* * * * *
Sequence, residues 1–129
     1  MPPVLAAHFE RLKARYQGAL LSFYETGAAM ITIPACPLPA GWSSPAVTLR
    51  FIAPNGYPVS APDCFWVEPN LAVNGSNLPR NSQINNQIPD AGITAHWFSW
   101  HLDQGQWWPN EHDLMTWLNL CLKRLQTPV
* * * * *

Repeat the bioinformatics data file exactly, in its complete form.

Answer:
Sequence, residues 1–129
     1  MPPVLAAHFE RLKARYQGAL LSFYETGAAM ITIPACPLPA GWSSPAVTLR
    51  FIAPNGYPVS APDCFWVEPN LAVNGSNLPR NSQINNQIPD AGITAHWFSW
   101  HLDQGQWWPN EHDLMTWLNL CLKRLQTPV